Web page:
Robert enjoys a cup of coffee on this warm but overcast day.

The Island Wind also offers tours in the area.

Blue Fin offers deep sea fishing trips.

“The St. Nicholas Boat Lines is the oldest established sponge diving exhibit in the western hemisphere.”

The entry to the boat line’s tour

Sponges enhance the dock where the St. Nicholas is moored. The boat takes you for a half-hour tour down the Anclote River.

Even more sponges on the St Nicholas store front

These sponges are on very tall skewers beside the boat.

The emcee on the St. Nicholas holds up a “finger sponge,” one of the most graceful of the sponges.

A sponge diver puts on his suit in preparation for a sponge diving demonstration. He needs help putting on the suit.

Travis Jewel, sponge diver, is suited up and ready to dive for sponges.

Travis Jewel and Becky, before the dive

Travis has on the “hard hat” with air hose and pole with tines to snare sponges.

Travis in hard hat and diving suit

Travis snares a valuable black sponge.

St. Nicholas Greek Orthodox Church in Tarpon Springs is an exact replica of St. Sophia’s in Constantinople (Istanbul.) The church hosts the annual Epiphany celebration, which includes diving for the cross. On January 6, fifty young Greek-American boys dive into Spring Bayou to retrieve a cross thrown into the water by the Archbishop. Whoever recovers the cross is said to be blessed for a full year, not to mention that he has boasting rights for diving prowess and a great deal of prestige in the community. The statue in front of the cathedral is a young Epiphany diver who has retrieved the cross.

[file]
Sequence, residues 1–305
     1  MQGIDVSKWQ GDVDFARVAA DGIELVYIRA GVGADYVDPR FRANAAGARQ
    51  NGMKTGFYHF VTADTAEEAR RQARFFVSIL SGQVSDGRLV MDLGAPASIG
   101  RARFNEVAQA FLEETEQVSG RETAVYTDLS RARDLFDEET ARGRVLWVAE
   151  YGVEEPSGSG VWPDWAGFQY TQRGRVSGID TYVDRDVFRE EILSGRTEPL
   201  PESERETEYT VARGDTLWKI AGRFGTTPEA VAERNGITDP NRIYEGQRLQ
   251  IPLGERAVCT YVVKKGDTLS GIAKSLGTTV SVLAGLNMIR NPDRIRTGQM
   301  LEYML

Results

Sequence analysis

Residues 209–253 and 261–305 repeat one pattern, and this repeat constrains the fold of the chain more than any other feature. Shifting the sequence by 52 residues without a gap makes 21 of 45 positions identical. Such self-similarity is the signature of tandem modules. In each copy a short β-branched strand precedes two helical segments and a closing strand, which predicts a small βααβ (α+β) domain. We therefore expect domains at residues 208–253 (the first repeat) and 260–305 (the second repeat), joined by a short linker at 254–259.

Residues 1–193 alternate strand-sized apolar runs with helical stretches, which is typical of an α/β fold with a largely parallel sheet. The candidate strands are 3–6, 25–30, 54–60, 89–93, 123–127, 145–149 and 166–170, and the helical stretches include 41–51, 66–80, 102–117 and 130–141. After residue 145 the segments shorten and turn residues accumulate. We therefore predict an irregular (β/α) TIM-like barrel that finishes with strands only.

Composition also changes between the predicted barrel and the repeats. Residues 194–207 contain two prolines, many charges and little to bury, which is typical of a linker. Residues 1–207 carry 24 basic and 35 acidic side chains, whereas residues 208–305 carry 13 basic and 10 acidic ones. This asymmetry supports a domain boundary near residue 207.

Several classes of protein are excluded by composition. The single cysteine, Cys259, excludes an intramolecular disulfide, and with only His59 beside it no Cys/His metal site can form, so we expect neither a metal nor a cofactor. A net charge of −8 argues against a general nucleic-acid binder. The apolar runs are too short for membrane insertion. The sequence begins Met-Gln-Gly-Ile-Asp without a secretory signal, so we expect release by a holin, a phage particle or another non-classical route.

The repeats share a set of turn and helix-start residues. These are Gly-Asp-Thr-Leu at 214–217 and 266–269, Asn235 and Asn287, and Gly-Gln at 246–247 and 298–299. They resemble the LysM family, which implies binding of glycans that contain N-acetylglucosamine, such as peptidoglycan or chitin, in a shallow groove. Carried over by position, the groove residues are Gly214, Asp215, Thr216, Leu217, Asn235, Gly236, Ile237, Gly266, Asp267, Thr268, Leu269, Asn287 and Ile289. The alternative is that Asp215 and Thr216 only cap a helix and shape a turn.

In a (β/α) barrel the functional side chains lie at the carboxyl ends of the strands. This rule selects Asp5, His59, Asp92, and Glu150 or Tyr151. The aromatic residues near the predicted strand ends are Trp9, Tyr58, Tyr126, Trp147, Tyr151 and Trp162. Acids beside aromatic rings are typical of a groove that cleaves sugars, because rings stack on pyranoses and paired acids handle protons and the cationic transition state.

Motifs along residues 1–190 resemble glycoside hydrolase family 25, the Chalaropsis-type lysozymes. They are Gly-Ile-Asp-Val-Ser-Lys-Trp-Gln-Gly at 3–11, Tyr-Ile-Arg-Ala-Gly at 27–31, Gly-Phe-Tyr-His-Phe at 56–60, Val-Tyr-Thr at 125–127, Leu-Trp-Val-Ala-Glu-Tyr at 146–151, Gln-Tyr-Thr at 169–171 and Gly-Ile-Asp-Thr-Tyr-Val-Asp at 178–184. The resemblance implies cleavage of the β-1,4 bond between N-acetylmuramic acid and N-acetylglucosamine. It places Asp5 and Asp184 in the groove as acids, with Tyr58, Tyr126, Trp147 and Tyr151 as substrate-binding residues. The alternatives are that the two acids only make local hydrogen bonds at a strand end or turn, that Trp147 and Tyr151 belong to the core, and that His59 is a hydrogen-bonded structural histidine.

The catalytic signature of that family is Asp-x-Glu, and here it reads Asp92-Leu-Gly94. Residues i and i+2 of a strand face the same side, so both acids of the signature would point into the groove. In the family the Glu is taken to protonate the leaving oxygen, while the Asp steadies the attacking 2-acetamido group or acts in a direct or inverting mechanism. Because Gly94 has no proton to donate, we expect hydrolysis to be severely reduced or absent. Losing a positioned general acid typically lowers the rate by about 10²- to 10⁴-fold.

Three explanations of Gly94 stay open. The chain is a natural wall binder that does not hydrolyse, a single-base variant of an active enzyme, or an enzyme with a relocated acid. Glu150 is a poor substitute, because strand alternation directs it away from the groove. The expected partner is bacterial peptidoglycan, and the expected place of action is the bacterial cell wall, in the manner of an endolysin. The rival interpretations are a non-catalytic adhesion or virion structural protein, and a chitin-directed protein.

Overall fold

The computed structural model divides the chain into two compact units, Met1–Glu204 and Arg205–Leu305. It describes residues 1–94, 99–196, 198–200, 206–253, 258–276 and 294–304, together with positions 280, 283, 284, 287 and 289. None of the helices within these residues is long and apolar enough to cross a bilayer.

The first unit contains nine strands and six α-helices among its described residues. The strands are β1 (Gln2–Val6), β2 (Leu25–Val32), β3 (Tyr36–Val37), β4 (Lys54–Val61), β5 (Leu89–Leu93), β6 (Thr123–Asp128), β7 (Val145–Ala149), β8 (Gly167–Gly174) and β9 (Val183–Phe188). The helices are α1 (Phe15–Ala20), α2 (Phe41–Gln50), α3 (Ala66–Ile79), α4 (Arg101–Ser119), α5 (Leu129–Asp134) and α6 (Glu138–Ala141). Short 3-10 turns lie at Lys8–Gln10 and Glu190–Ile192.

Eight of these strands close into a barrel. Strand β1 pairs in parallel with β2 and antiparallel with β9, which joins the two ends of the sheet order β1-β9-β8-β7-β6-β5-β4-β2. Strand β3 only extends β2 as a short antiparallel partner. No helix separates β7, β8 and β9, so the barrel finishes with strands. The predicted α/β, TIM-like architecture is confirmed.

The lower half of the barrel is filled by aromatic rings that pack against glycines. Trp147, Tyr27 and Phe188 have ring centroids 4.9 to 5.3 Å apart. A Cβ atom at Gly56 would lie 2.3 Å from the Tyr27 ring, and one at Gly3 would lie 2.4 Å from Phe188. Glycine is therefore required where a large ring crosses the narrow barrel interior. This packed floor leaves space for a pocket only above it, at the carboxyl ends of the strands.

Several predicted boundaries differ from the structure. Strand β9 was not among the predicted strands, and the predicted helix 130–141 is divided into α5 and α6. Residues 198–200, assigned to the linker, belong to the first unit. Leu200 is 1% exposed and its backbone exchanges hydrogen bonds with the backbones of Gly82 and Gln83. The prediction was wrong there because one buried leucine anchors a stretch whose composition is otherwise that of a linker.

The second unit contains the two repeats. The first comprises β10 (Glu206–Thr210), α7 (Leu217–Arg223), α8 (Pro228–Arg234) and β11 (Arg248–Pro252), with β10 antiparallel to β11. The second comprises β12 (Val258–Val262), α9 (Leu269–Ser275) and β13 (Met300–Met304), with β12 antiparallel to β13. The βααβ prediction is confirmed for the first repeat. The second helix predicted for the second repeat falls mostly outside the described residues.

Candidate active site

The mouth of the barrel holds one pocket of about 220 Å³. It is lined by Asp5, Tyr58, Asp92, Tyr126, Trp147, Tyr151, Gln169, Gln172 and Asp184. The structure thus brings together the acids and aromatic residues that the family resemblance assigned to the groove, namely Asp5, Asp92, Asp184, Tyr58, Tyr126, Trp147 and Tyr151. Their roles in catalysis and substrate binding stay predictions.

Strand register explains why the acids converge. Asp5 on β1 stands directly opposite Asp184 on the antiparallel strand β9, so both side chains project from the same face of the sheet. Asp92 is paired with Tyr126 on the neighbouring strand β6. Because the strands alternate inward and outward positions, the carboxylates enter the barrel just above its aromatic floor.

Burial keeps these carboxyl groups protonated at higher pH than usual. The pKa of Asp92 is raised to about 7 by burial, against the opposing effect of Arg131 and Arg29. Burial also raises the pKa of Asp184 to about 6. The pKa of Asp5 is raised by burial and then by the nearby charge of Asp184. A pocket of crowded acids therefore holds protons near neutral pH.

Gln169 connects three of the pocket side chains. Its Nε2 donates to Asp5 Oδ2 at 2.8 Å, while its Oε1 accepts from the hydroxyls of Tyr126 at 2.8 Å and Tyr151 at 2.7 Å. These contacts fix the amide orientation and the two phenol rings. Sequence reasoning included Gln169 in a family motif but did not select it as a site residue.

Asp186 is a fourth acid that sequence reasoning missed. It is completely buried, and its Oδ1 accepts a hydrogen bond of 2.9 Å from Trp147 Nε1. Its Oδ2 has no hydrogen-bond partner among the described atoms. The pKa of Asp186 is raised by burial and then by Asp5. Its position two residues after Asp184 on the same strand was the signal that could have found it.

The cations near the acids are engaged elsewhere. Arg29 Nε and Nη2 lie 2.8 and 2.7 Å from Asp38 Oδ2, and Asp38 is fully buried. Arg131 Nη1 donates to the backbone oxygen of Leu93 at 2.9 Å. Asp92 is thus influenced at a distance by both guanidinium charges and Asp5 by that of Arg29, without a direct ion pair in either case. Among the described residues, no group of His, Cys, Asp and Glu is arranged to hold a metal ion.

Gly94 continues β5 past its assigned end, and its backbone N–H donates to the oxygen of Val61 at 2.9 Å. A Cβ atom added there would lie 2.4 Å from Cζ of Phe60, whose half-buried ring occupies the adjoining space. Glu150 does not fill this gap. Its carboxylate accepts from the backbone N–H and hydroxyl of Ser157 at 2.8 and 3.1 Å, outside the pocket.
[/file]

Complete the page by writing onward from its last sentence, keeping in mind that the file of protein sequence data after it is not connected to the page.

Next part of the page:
An Epiphany diver with the cross he retrieved

The cathedral inscription

The dome above the altar

The altar of St. Nicholas Cathedral

The podium and stained glass window

A side view of the cathedral

The angel warrior, probably St Michael, vanquishing the devil

The Bishop’s Throne

The icon, which is the last picture, is a painting framed under glass and is known as “the weeping icon of St. Nicholas.” The tears were first observed on December 5, 1970, by a woman who was cleaning the church. No explanation could be found for the “tears.” His Eminence Archbishop Iakovos, primate of the Greek Orthodox Church in North and South America, instructed the parish priest to invite qualified persons to examine the icon and state their findings so that, “belief may be strengthened or disbelief established.” December 8, 1973, was the last time the icon stopped weeping. No one knows the message that the weeping icon conveyed nor has anyone been able to offer an explanation for this phenomenon.


The weeping icon of St Nicholas

And to Tarpon Springs,
I say "Athio sas"--goodbye in Greek.